The State Public Works Board on Friday approved the acquisition of a site in Woodland for the new Yolo County courthouse.
The new courthouse will be on the city block bounded by Main, Fifth and Sixth streets, and Lincoln Avenue. On March 1, the Woodland City Council approved the sale of the 3.75-acre property for $3.4 million, its appraised value, to the Administrative Office of the Courts, the agency responsible for building the new courthouse.
The Woodland Redevelopment Agency has expedited the state’s purchase of the land to create what officials say will be a convenient, accessible location for the new courthouse.
“This important milestone means we’re another big step closer to building the much-needed new courthouse in downtown Woodland,” Presiding Judge David Rosenberg said in a news release. “We’ve worked hard with our city and county partners and the AOC to reach this midpoint in the process. The people of Yolo County will be well served when, in due course, we open their new courthouse.”
Advisers for the project include Court Executive Officer James Perry, Rosenberg, Judge Timothy L. Fall, Assistant Court Executive Officer Shawn Landry, Woodland City Manager Mark Deven, Project Manager Mike Smith from the AOC Office of Courthouse Construction and Management, and now-retired Ray Groom, the former general services department head for Yolo County.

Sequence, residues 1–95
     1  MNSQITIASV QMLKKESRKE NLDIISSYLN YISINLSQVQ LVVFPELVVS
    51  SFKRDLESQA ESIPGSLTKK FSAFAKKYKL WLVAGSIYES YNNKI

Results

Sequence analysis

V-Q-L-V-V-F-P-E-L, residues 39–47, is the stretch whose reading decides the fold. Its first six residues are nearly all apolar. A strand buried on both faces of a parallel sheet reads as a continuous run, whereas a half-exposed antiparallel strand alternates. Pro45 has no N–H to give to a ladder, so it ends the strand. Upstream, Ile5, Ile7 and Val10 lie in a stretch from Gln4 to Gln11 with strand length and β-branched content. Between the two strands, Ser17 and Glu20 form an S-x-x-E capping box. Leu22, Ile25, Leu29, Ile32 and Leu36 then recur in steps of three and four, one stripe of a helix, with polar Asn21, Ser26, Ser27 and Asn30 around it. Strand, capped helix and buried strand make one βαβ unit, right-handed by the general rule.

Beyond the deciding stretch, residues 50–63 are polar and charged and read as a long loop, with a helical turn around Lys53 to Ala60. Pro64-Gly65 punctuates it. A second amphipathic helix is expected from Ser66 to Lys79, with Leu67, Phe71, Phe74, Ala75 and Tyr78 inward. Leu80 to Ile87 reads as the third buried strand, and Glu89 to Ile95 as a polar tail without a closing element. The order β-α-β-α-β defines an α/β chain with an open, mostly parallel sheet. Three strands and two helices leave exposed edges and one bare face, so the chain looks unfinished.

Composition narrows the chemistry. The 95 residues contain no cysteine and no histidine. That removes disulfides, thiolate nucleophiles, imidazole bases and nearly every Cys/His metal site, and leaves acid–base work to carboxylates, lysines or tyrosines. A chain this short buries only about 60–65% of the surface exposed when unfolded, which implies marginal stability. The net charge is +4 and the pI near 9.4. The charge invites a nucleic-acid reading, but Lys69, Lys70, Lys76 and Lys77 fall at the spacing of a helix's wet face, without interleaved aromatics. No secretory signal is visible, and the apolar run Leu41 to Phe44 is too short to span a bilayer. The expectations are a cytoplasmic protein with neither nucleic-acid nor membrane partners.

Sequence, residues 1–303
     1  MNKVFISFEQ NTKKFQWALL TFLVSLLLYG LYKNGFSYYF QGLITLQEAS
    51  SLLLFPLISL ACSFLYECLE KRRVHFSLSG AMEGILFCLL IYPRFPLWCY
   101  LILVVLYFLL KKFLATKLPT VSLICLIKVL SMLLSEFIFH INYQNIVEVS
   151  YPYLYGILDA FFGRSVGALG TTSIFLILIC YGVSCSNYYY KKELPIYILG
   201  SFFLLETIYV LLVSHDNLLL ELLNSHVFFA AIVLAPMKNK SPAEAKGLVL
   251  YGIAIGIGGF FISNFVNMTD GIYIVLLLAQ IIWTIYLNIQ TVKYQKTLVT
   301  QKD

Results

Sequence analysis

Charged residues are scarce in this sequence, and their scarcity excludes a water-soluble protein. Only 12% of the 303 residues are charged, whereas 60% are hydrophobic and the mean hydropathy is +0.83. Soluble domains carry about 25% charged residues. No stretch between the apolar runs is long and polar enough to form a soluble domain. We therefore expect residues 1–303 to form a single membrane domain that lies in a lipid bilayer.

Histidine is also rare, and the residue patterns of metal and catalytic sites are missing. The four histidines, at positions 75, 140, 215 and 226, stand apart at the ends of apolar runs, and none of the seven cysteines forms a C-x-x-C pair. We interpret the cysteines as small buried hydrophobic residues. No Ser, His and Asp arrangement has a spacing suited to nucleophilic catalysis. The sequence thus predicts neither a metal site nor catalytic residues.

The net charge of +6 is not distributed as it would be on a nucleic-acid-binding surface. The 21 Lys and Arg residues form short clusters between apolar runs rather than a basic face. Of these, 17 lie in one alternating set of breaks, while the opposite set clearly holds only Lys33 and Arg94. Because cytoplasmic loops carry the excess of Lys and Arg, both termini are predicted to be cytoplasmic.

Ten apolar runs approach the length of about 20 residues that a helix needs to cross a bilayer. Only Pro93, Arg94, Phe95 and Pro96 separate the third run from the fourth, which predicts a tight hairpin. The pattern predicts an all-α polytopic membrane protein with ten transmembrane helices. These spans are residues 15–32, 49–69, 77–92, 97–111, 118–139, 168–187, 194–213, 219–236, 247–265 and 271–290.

“We look forward to designing a courthouse that will provide adequate security and access for all court users,” Perry said.
The new 14-courtroom courthouse will span about 163,000 square feet, consolidating seven unsafe and overcrowded court facilities into a single building with adjacent parking.
The AOC is also finalizing negotiations with Union Pacific Railroad for a parking lot at Lincoln Avenue and Sixth Street, across the street from the future courthouse.
The State Public Works Board approval clears the way for close of escrow on the property, expected by mid-April. Meanwhile, the AOC is proceeding with architectural design by Fentress Architects in association with Dreyfuss & Blackford Architects.
Design is expected to proceed through 2012, with construction scheduled to start in early 2013. The courthouse project, with a total estimated cost of $165.3 million, is scheduled for completion in late 2014 or early 2015.
The new Woodland courthouse is among 41 projects funded by Senate Bill 1407, which finances critically needed courthouse construction, renovation, and repair through a portion of judicial branch fees, penalties and assessments. These projects do not draw from the state’s general gund.
More information about the project can be found on the California courts website at http://www.courts.ca.gov/2793.htm.